An Taisce would endorse the comments made by Prof John FitzGerald, chair of the Climate Change Advisory Council, who stated: “It is crazy that we are subsidising peat-fired electricity, which is a major contribution of CO2 and a very ineffective and expensive way of producing electricity” [3]. FitzGerald added that the annual state subsidy in peat-generated electricity amounted to €100,000 for each job, or twice the average salary of a Bord Na Móna worker.


Ian Lumley, Advocacy Officer, An Taisce, mobile: 083 153 2384

John Gibbons, PRO, climate change committee: 087 233 2689


[1] An Taisce July 2014 Submission to the Green Paper on Energy Policy in Ireland. “Any subsidy (referred to above) would be much better spent up-skilling employees to undertake home energy saving enhancements. Subsidies to peat-burning power stations have been rising steadily since the mid-2000s and now stand at €60 - €80 million per year. These subsidies, which were introduced in 2001 and are set to run to 2019 (in the case of two of Ireland’s three peat-burning power plants), will amount to far more than half a billion euro by 2019. If it cost €35,000 to up skill an employee at a peat plant (or someone in the associated supply chain), then the up skilling of 700 direct / indirect employees would incur a once-off cost of €24.5m. Based on a good quality home-energy retrofit costing €35,000, then 1,000 homes year could be enhanced for €35 million. The foresight to embrace such an annual programme would, after a number of years, see more energy saved than is generated by the peat-burning plants annually."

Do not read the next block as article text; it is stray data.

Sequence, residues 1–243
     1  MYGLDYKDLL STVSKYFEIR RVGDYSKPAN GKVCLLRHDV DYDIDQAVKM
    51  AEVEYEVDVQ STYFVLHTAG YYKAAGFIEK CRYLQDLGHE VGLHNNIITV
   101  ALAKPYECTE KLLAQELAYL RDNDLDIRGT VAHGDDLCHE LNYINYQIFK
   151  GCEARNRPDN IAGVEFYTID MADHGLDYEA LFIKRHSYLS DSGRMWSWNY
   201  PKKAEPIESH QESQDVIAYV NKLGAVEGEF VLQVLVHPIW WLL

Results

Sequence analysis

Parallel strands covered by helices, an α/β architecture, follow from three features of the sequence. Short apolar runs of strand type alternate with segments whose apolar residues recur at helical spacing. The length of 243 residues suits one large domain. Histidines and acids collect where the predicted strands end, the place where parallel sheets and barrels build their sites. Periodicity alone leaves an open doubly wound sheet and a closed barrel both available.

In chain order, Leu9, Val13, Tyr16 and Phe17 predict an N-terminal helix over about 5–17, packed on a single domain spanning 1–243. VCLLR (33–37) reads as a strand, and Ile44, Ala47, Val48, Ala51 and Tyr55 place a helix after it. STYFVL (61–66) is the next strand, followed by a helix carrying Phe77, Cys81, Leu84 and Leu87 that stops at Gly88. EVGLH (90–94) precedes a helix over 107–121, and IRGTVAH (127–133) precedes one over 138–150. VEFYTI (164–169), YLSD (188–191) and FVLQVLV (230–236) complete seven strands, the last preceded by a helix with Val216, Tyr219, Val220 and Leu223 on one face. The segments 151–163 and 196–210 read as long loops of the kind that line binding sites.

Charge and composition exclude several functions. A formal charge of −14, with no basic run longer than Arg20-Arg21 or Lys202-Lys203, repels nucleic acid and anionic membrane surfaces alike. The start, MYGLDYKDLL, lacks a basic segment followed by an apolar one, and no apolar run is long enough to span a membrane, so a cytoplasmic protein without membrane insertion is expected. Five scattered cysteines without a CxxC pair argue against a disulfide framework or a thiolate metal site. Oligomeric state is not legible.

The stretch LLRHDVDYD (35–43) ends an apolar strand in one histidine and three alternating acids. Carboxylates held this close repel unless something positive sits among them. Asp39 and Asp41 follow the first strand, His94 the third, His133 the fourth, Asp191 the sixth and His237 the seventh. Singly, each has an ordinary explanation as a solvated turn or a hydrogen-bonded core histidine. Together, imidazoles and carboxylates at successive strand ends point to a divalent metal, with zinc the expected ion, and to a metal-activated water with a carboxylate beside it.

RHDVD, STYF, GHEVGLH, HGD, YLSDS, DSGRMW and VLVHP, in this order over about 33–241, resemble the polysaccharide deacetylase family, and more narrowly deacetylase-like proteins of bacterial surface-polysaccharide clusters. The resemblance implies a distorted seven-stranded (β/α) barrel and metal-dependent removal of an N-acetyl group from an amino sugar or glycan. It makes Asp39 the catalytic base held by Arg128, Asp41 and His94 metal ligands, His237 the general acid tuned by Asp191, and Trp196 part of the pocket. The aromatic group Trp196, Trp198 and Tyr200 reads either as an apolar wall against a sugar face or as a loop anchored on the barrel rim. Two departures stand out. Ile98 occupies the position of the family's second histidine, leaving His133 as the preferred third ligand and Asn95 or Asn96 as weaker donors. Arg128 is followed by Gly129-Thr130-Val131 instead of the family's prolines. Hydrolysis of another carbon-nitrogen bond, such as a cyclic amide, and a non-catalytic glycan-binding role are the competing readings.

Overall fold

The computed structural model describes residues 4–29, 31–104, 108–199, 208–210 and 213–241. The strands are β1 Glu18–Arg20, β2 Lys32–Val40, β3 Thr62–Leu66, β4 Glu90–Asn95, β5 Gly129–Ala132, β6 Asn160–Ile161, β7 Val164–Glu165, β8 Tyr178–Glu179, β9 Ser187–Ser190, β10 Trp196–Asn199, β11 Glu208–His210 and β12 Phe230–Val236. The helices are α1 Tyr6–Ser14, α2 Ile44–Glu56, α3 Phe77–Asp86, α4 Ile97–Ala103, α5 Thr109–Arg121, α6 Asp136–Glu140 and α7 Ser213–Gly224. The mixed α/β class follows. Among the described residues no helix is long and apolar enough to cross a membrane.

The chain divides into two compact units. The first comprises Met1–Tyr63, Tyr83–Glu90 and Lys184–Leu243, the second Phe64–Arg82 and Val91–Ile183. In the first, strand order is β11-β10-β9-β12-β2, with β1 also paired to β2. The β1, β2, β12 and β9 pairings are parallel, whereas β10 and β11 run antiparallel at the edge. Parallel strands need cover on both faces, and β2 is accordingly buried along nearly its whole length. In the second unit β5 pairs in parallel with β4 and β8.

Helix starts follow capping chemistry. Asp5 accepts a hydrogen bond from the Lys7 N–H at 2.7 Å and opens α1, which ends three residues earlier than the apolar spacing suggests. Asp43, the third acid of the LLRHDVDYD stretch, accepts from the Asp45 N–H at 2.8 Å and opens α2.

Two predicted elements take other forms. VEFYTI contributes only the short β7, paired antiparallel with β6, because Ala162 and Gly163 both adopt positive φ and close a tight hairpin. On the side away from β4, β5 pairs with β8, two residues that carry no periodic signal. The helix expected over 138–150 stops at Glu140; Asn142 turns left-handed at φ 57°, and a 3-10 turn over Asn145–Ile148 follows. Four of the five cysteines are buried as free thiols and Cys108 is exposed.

[2] European Commission: Financing Energy Efficiency

[3] ‘Crazy’ to subsidise peat-fired electricity, says Chair of Climate Change Advisory Council.


Since Ireland adopted the Rio Declaration in 1992, strategic planning should have been initiated to phase out peat extraction and burning for energy, whether for power generation or domestic heating as well as peat for horticulture. The preparation of Ireland’s first climate strategy followed the Kyoto protocol coming into effect in 1997. The expert advice already then was that peat burning for electricity should be phased out by 2008. Instead the combination of a poorly grounded argument for energy security combined with a political focus on maintaining midlands employment led to the building of 3 new power stations: at Edenderry and replacing older plants at Shannonbridge Co Offaly and Lanesborough Co Longford. Both of the latter were appealed by An Taisce on Greenhouse Gas emission grounds. Permissions were granted by An Bord Pleanála in 2004 for a 15 year life, up to the end of 2019. The operation of the plants was subject to the application of a Public Service Obligation (PSO) Levy (subsidy) on the electricity consumer running up to 70 million euro annually.